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The dismal state of Social Security benefits

For some time now, people have spread rumors that Social Security might not exist when they retire. This has led to some degree of panic across Michigan. However, is it true? After all, there can’t be that much smoke without fire. Can there? The unfortunate answer is yes. Social Security is indeed running out of money.

In fact, CNN reports that Social Security has experienced a negative cash flow since 2010. In other words, the program is paying out more in benefits than it receives in taxes. There is general optimism that Congress will not abolish Social Security, but it is nonetheless in a weak position to tackle the number of baby boomers currently heading for retirement. CNN estimates that Social Security has enough money to make it to 2035.

The Social Security Administration is a little more optimistic, believing it can continue to pay out benefits on a full-time basis until 2037. At that point, the trust fund reserves will run out. Thankfully, SSA estimates that the current tax rates should sustain 76 percent of Social Security payments. As a result of this, Congress will need to make changes to fill the 24 percent gap.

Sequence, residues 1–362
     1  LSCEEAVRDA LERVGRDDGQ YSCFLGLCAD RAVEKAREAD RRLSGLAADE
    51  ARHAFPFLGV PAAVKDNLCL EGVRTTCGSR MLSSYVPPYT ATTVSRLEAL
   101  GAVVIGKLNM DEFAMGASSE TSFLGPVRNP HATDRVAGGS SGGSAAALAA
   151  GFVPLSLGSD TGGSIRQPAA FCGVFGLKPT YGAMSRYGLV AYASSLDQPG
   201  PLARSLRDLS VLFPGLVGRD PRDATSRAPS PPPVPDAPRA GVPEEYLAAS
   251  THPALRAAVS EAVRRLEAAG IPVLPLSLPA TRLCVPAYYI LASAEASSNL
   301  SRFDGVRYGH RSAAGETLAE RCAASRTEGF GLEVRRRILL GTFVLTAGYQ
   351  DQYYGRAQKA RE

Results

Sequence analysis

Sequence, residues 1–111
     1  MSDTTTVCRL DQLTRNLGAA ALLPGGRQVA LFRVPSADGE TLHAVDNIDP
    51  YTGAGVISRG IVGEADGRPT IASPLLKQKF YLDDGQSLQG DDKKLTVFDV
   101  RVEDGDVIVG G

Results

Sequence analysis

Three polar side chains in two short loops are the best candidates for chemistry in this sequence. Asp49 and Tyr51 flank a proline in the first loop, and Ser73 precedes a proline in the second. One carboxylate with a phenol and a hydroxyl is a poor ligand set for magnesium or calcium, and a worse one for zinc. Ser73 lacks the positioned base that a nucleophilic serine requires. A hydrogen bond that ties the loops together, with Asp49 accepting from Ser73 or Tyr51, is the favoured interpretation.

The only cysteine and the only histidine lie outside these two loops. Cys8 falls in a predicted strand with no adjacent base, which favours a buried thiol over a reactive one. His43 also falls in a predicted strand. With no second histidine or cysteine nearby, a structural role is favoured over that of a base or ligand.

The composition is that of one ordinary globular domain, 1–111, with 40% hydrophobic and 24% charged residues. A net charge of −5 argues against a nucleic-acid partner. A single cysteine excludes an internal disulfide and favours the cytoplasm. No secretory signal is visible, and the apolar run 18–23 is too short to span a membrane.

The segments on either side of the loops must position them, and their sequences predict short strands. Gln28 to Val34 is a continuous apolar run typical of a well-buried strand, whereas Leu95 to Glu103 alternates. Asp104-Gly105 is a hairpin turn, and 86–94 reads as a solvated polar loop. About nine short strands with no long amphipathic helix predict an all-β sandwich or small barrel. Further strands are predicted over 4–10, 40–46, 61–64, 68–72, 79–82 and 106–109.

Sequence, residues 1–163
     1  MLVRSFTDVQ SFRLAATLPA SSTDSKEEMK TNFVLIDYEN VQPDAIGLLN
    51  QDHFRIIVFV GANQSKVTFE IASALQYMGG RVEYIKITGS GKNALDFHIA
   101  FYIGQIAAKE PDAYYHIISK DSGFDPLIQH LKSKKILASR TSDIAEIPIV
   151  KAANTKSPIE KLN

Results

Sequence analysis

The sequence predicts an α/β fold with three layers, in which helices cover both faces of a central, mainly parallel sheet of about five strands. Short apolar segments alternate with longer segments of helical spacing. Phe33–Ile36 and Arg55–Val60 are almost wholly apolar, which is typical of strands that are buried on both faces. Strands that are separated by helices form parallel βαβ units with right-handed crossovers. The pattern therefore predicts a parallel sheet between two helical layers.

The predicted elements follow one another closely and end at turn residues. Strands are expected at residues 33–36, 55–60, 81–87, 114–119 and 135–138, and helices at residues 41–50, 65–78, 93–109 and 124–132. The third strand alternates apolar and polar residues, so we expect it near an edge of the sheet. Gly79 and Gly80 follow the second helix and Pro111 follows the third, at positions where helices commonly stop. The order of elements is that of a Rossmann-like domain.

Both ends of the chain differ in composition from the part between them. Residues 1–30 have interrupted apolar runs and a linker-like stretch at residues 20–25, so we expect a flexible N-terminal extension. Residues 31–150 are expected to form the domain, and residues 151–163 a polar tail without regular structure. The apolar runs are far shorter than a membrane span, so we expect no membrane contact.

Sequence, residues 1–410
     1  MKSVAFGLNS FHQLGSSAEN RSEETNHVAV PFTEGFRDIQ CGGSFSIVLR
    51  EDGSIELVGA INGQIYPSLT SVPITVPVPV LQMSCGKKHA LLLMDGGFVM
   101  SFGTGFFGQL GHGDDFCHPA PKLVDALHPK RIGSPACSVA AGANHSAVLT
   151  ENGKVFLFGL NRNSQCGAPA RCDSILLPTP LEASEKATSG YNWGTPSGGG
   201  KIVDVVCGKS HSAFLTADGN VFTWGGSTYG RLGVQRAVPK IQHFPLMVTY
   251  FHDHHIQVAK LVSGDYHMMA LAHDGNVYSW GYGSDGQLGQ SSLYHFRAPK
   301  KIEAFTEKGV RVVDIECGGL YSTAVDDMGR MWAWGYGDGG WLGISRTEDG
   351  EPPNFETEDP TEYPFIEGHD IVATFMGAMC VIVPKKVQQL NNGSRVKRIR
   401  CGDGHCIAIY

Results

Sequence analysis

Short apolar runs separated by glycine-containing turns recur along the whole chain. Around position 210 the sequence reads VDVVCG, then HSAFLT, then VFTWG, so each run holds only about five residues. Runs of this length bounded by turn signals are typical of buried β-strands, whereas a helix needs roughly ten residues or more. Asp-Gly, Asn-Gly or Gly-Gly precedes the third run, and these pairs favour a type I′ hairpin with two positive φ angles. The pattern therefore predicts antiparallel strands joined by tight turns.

If Social Security runs out of money, it will mark a dismal point in history for Americans. The program has made timely payments in full since 1935. It provides a stable income for 50 million Americans, including the elderly, the disabled, their families and sometimes the family of deceased workers.

This could also spell bad news for retirees and those heading into retirement. However, the situation may be worse for millennials who are now under greater pressure to fund retirement independently. Hopefully, in time, Congress will turn its attention to this problem before it truly reaches crisis levels.

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